Foster A.,Carleton University | Laurin N.,Royal Canadian Mounted Police
Investigative Genetics | Year: 2012

Background: Traditional PCR methods for forensic STR genotyping require approximately 2.5 to 4 hours to complete, contributing a significant portion of the time required to process forensic DNA samples. The purpose of this study was to develop and validate a fast PCR protocol that enabled amplification of the 16 loci targeted by the AmpFℓSTR ®Identifiler ®primer set, allowing decreased cycling times.Methods: Fast PCR conditions were achieved by substituting the traditional Taq polymerase for SpeedSTAR™ HS DNA polymerase which is designed for fast PCR, by upgrading to a thermal cycler with faster temperature ramping rates and by modifying cycling parameters (less time at each temperature) and adopting a two-step PCR approach.Results: The total time required for the optimized protocol is 26 min. A total of 147 forensically relevant DNA samples were amplified using the fast PCR protocol for Identifiler. Heterozygote peak height ratios were not affected by fast PCR conditions, and full profiles were generated for single-source DNA amounts between 0.125 ng and 2.0 ng. Individual loci in profiles produced with the fast PCR protocol exhibited average n-4 stutter percentages ranging from 2.5 ± 0.9% (THO1) to 9.9 ± 2.7% (D2S1338). No increase in non-adenylation or other amplification artefacts was observed. Minor contributor alleles in two-person DNA mixtures were reliably discerned. Low level cross-reactivity (monomorphic peaks) was observed with some domestic animal DNA.Conclusions: The fast PCR protocol presented offers a feasible alternative to current amplification methods and could aid in reducing the overall time in STR profile production or could be incorporated into a fast STR genotyping procedure for time-sensitive situations. © 2012 Foster and Laurin; licensee BioMed Central Ltd. Source

News Article | August 22, 2016
Site: http://motherboard.vice.com/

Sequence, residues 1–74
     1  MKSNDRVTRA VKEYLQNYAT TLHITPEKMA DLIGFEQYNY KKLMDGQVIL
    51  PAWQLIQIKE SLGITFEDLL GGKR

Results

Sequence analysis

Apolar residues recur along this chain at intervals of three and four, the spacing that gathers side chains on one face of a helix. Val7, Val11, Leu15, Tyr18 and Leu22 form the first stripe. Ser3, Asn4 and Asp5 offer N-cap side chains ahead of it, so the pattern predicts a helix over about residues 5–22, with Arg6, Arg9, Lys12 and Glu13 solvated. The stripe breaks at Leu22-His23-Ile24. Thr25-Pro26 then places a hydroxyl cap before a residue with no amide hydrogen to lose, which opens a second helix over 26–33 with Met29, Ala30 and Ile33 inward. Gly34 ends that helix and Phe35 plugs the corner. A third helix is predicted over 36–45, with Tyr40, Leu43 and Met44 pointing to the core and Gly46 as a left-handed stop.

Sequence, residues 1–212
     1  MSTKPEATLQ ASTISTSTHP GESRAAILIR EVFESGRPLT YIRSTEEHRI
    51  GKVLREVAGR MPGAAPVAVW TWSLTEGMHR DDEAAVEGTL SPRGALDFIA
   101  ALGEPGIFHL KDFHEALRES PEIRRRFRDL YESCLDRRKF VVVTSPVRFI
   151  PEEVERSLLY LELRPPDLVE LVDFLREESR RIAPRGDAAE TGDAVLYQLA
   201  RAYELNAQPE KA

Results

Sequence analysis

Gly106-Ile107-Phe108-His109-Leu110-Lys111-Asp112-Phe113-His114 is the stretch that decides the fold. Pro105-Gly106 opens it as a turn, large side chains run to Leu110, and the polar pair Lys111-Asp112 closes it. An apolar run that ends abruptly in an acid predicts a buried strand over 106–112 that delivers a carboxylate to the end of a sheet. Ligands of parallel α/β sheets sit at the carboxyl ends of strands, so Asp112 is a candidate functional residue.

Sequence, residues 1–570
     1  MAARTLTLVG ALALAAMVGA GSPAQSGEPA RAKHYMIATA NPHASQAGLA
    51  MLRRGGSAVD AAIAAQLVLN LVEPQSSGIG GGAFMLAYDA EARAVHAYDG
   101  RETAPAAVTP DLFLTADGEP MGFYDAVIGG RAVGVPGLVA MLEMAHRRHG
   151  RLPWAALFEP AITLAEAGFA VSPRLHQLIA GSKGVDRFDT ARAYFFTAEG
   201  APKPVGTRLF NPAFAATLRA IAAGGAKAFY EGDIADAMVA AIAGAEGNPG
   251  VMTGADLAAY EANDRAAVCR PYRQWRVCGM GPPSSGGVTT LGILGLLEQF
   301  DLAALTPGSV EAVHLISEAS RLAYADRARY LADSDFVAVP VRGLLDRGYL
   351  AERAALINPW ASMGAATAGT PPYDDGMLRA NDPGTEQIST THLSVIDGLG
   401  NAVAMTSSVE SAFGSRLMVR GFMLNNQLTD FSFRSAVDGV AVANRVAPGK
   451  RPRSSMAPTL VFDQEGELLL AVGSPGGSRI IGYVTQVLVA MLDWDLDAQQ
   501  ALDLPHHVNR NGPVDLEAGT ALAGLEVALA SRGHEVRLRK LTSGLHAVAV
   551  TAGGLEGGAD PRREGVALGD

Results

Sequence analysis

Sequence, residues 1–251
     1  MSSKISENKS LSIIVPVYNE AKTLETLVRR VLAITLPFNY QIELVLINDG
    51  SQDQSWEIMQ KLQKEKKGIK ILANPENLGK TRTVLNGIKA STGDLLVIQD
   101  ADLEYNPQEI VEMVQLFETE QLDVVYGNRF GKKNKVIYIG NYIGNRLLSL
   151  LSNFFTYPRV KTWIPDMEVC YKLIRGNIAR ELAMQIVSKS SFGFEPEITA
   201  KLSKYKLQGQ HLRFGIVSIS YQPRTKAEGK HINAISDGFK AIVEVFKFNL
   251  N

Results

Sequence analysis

Police in Ontario’s biggest cities have received hundreds of thousands of dollars in grants to deploy unspecified surveillance equipment as part of an obscure provincial program. The problem is, no one knows exactly what they’re buying with all that money. Police in Toronto, Ottawa, and the municipalities of Peel and York (near Toronto) have received hundreds of thousands of dollars each to pay for the Provincial Electronic Surveillance Equipment Deployment Program (PESEDP). This little-known project is described by police as “funding for the purchase of, or improvements to, equipment used in the investigation of organized crime”, which doesn’t reveal much. Mentions of the program can be found in publicly-available meeting agendas and reports dating back to 2011. Between February and June of this year, the Toronto police spent $100,000 on PESEDP, although they won’t publicly offer any specifics. Documents produced by the York Regional Police Services Board and the Peel Police Services Board show that both forces received $200,000 each to fund PESEDP, in 2011 and 2013, respectively. York Regional Police got another $100,000 in 2016. A 2016 report detailing the latest payment to the York Regional Police notes that the force has agreements with the Ontario Provincial Police to “share services to intercept personal communications” and “to monitor personal communications,” both expiring in November of 2017. Tamir Israel, staff lawyer at the University of Ottawa’s Canadian Internet Policy and Public Interest Clinic, says that the PESEDP money could be spent in a number of ways. “Police services are investing in a range of new surveillance technologies, from license-plate recognition devices, to facial recognition or IMSI catchers,” Israel told me over the phone. The Ottawa Police Service, Toronto Police Service and the York Regional Police all refused to answer questions about PESEDP. Toronto Police Service spokesperson Mark Pugash replied to questions about PESEDP by stating that “[Toronto Police Service does] not discuss investigative techniques or equipment.” Although none of the police services I contacted would speak about what kind of surveillance equipment the program is ‘deploying,’ local forces across the country have demonstrated interest in advanced cyber surveillance tools in the past. “A year or two ago, Hacking Team—an outfit in Italy that sells malware and network intrusion tools—got hacked, a lot of their internal communications came [out], and there was some communication with Canadian police agencies,” Israel said. “It didn’t lead to anything at the time in terms of purchasing [Hacking Team] services, but it shows that there is an interest in that type of capability.” Police get funding for PESEDP through Proceeds of Crime grants that are administered by Criminal Intelligence Service Ontario, and the provincial Ministry of the Attorney General Civil Remedies for Illicit Activities office. Proceeds of Crime grants are funded by Ontario’s civil asset forfeiture program, a controversial set of laws that give police the power to seize assets from individuals and organizations without securing criminal convictions or laying criminal charges. Ontario was the first province in Canada to pass a civil asset forfeiture law in 2001. Since then, seven other provinces have passed similar laws, leading to a steady increase in civil asset seizures across the country. These seized assets are paying for a slew of police activities, including PESEDP. The Ottawa Police Service spent $105,188 on PESEDP in 2015. Ottawa Police’s description of PESEDP says that is used to pay for “initiatives focused on the proceeds of crime”. This suggests that Ottawa Police may be using PESEDP funds to pursue assets that pay for PESEDP itself. “There is no prohibition against a grant recipient from using Proceeds of Crime funding to pursue civil assets, provided the grant funds were approved for that use,” Ministry of Community Safety and Correctional Services (MCSCS) spokesperson Brent Ross wrote me in an email. However, he continued, all project requests must fall under annual themes, like “creating a safer Ontario through community collaboration.” The PESEDP program is “managed at an operational level by police services across the province,” Ross continued. Despite funding the program through Criminal Intelligence Service Ontario, which is a part of MCSCS, Ross wrote that “the Ministry does not direct operational policing decisions.” As for whether a privacy assessment has been done on the program, a media request made to the federal Office of the Privacy Commissioner was referred to the provincial office, then to MCSCS, which would neither confirm nor deny it. At this point, no one other than the police forces involved knows what kinds of equipment PESEDP is paying for, but some of the surveillance programs operated by police in Ontario and elsewhere in Canada are coming to light. In December 2015, Toronto Police Service denied having or using Stingrays or cell-site simulators, but a 2016 court case forced the TPS to reveal that they applied for permission to use a Stingray-type device as part of a gang investigation. The Vancouver Police Department has also admitted to using a Stingray device on loan from the Royal Canadian Mounted Police, Canada’s federal force. On August 11, 2016, in response to questions from Motherboard, Edmonton Police Service admitted to owning a Stingray device, a comment that the force quickly retracted, saying it had been made in error. Many experts believe that local police departments borrow such devices from the RCMP, instead of owning them, adding to the mystery of what kinds of surveillance equipment local police are spending so much money on. “Often, the view is that there is a need to keep these procurement activities secret, but the regular [procurement] transparency mechanisms have considerations built in, so only information that wouldn’t undermine the use of the technique is made public,” Israel said. “There’s no need to make it more secret than it is.”